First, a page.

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Edward Snowden's morality was influenced by video games

Edward Snowden — the whistleblower who outed the National Security Agency's plans for secret mass surveillance — was influenced early on by morality portrayed in video games, according to a recent interview in GQ with the reporter who assisted Snowden with the leak, Glenn Greenwald.

In May 2013, Snowden — a former CIA employee and NSA contractor — brought himself to the attention of the world by disclosing numerous NSA documents to Greenwald and documentary filmmaker Laura Poltras, exposing the NSA's plans to implement mass surveillance systems across the United States. After fleeing the country, the U.S. Department of Justice charged him with espionage and his passport was revoked. Snowden is currently in Russia, where he was granted temporary asylum for one year on Aug. 1, 2013.

Greenwald notes in his book — No Place to Hide, set to be released this month — that Snowden told him video games had an impact on his worldview and morality. According to Greenwald, Snowden's moral compass was guided by video game stories — ideas like saving the world by subverting a greater evil, ordinary people taking it upon their shoulders to defend those who can't take action themselves and finding the means, no matter how small at first, with which to take that action.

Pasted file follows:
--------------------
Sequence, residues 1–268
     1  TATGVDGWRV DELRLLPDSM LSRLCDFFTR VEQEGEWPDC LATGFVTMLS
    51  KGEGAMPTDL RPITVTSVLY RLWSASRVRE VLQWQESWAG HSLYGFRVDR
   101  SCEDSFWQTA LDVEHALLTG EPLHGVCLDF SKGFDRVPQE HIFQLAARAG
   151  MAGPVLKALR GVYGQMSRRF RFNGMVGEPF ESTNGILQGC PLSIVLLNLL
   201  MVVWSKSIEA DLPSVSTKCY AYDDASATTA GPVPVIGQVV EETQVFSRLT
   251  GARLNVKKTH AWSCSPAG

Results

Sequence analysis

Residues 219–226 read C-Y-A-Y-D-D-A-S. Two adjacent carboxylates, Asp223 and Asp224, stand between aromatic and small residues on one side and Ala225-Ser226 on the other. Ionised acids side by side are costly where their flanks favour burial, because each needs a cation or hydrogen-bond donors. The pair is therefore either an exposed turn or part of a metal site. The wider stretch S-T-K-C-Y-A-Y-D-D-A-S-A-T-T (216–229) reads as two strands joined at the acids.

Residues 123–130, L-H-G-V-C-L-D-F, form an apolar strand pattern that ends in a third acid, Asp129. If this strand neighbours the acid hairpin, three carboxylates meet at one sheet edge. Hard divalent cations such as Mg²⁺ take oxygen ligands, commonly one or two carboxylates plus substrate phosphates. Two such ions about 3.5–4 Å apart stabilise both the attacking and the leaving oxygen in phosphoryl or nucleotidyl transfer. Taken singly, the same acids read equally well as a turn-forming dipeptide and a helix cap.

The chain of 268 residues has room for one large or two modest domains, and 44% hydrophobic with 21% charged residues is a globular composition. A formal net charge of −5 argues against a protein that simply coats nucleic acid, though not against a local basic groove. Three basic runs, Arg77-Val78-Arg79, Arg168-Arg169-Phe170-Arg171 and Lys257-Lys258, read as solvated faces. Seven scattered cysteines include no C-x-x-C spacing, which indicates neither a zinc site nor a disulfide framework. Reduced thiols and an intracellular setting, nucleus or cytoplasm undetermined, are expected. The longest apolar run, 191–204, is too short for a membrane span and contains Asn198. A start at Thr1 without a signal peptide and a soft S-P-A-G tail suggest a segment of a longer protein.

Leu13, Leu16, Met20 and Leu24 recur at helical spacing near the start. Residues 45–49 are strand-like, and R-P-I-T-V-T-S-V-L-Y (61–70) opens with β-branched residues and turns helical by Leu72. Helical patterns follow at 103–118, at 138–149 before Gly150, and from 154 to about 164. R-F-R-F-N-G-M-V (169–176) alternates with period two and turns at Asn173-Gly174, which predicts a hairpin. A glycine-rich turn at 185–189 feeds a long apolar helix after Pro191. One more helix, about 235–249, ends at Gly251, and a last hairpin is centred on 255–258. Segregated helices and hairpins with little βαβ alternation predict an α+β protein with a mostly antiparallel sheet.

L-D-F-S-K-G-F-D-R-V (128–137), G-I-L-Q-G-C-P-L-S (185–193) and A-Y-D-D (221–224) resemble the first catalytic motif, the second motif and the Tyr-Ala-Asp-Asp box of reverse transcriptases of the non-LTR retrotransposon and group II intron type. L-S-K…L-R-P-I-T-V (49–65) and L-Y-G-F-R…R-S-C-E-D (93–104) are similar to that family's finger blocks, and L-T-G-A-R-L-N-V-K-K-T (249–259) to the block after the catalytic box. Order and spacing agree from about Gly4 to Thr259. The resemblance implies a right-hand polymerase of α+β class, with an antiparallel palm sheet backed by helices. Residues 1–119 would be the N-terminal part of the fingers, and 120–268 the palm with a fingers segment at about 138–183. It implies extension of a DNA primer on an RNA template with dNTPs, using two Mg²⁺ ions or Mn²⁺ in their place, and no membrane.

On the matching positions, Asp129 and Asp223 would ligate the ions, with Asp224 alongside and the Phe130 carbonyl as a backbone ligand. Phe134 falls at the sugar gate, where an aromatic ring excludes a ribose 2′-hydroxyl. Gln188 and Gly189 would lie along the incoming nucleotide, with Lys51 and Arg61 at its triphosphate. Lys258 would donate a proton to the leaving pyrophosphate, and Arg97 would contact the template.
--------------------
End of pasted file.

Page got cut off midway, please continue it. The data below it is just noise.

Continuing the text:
"In Hong Kong, Snowden told me that at the heart of most video games is an ordinary individual who sees some serious injustice, right?" Greenwald said. "Like some person who's been kidnapped and you've got to rescue them, or some evil force that has obtained this weapon and you've got to deactivate it or kill them or whatever. And it's all about figuring out ways to empower yourself as an ordinary person, to take on powerful forces in a way that allows you to undermine them in pursuit of some public good. Even if it's really risky or dangerous.

"That moral narrative at the heart of video games was part of his preadolescence and formed part of his moral understanding of the world and one's obligation as an individual."

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